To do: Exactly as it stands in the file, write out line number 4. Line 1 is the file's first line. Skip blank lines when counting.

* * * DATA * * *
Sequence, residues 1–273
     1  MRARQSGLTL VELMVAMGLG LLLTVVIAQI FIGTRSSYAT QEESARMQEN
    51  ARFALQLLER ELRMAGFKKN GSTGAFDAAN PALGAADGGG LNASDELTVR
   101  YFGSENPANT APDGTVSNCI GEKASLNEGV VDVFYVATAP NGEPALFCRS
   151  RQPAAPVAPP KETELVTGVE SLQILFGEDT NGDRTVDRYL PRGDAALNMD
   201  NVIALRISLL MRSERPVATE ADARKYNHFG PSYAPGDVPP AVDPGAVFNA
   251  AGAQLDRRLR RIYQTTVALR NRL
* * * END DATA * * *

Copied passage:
   101  YFGSENPANT APDGTVSNCI GEKASLNEGV VDVFYVATAP NGEPALFCRS